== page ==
A member of the Movement for Change, Joseph Amoah, has accused the government of telling a different story from what it is doing with its gold-for-oil policy.

According to him, the government’s claim that the policy is helping the country, raises questions about why they would stop it.

In an interview with Kojo Marfo on Abusua Nkommo at ABUSUA965FM, Amoah stated that at the time the government introduced the gold-for-oil policy, one ounce of gold could purchase 20 barrels of crude oil. However, the same ounce of gold can now buy 26 barrels of crude oil, making it more profitable.

“They came with propaganda about a policy called Gold for Oil. I heard Dr. Gideon Boako say that the Vice President is thinking outside the box; is this what they call proactive action? At the time they implemented the Gold for Oil policy, one ounce of gold could purchase 20 barrels of crude oil. Now, it buys 26 barrels. So, why stop it?”, he quizzes.

Amoah called on the government to account for the gold-for-oil policy, which he claims has not been explained to anyone.

He questioned why the government would introduce a ‘thinking outside the box’ policy and then fail to account for it.

“The propaganda optics surrounding the policy should stop, and the government should account for the gold used in the program,” the CEO of Love Enterprise stressed.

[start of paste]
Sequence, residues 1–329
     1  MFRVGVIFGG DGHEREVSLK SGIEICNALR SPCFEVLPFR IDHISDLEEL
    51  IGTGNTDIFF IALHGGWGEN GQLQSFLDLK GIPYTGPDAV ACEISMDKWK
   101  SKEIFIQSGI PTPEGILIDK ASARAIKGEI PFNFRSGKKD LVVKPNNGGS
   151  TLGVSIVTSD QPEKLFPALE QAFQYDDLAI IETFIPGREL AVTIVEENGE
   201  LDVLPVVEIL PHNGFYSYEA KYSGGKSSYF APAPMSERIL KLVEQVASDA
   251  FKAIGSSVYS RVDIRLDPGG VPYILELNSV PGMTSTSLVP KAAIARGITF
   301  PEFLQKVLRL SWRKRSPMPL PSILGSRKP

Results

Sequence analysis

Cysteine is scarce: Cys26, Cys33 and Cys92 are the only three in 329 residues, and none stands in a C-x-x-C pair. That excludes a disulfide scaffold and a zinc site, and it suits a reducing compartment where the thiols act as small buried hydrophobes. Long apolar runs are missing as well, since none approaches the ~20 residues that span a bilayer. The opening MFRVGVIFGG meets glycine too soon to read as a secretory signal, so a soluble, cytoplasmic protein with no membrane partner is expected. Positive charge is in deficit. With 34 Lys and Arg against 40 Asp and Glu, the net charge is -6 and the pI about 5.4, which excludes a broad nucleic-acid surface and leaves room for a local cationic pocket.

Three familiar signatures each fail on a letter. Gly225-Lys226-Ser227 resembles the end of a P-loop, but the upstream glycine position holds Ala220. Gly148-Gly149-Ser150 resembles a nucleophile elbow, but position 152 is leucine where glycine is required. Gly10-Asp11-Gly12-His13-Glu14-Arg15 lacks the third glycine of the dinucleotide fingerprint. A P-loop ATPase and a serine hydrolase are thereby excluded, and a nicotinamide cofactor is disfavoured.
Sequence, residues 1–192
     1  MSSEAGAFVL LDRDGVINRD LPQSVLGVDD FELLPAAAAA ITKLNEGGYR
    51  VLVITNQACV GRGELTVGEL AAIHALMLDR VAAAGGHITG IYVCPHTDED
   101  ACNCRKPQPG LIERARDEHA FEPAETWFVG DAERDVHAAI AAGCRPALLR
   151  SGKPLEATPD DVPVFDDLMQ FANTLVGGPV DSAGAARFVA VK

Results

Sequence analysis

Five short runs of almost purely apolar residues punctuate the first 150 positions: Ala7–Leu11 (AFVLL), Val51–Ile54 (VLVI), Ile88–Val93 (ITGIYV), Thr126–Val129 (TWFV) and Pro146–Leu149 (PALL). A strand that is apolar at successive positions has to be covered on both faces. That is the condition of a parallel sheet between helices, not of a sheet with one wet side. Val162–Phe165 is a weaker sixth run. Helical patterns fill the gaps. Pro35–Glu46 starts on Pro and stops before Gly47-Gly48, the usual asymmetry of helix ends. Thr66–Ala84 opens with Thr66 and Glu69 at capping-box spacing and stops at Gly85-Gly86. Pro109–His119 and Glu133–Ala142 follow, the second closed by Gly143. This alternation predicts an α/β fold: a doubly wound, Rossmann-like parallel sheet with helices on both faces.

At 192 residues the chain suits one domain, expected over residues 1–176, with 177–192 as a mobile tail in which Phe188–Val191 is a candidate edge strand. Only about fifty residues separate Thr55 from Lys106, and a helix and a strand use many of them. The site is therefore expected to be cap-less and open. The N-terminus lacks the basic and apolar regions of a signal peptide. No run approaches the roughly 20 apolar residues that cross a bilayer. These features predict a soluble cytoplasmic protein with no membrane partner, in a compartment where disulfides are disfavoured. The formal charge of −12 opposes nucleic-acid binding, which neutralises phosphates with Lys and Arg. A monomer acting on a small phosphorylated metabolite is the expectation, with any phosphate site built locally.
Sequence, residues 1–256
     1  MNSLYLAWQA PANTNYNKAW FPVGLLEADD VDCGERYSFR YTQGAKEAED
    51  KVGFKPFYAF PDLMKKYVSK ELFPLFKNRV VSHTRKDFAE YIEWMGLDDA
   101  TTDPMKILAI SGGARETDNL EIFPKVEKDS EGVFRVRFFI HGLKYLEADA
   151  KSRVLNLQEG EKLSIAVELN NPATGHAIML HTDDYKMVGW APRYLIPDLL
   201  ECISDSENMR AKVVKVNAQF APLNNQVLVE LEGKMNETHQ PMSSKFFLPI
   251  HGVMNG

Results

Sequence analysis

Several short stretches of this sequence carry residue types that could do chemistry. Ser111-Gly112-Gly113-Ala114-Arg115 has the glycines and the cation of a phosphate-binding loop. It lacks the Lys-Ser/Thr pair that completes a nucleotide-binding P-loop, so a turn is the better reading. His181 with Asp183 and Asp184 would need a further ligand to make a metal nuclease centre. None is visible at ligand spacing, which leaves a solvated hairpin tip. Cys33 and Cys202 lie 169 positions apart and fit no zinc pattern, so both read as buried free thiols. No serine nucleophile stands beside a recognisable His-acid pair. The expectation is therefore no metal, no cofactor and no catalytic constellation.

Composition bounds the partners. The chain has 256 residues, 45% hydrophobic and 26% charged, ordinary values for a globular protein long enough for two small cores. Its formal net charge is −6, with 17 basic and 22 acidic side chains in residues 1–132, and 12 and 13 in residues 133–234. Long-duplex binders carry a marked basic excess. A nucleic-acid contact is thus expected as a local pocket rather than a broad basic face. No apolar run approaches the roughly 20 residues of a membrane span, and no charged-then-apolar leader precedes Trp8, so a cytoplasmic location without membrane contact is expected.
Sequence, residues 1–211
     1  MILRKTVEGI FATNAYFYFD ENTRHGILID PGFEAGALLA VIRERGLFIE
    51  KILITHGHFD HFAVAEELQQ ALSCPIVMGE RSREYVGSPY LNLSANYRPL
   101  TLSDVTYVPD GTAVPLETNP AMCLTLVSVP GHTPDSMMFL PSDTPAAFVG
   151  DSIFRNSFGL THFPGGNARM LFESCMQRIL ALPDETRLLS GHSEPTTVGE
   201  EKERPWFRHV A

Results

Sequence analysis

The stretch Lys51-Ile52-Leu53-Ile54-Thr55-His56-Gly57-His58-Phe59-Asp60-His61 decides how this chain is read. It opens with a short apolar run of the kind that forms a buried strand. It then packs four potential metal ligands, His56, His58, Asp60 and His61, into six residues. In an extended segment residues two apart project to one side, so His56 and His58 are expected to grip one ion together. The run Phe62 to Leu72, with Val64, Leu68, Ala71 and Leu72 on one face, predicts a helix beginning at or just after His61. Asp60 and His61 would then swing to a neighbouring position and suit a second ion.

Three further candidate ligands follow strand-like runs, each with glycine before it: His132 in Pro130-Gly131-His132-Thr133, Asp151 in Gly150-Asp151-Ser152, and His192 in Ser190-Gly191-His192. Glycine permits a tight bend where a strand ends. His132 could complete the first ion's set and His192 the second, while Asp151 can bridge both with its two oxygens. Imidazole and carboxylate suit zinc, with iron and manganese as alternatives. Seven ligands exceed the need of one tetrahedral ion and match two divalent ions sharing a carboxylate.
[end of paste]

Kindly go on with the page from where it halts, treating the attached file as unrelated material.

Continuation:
Meanwhile, on the government’s performance tracker, the government highlighted that the Gold for Oil program has led to a reduction in the ex-pump price of petroleum products by 45% as of December 2023.


Last year, the Vice President, Dr. Mahamudu Bawumia announced a new government policy dubbed Gold for Oil (G4O).

The policy, as explained by the government, is to allow the government to pay for imported oil products with gold, in a direct barter with gold purchased by the Central Bank.

The move, announced by the Vice President in the midst of the depreciation of the cedi against the US dollar and the rising cost of fuel prices, was explained as an intervention to help stabilize prices of fuel products, as well as reduce pressure on Ghana’s foreign exchange, as the direct gold barter would be the mode of paying for imported oil instead of depleting the foreign exchange reserve.

According to the government’s G40 Programme Framework dated February 3, 2023, which explains the policy, payment for the oil supply is done in two channels; barter trade or via forex obtained from selling gold to a broker.

Under the Barter Channel, suppliers willing to take gold in direct exchange for petroleum products will be provided with the equivalent volume of gold by the Bank of Ghana (BoG).

Source: Kwadwo Owusu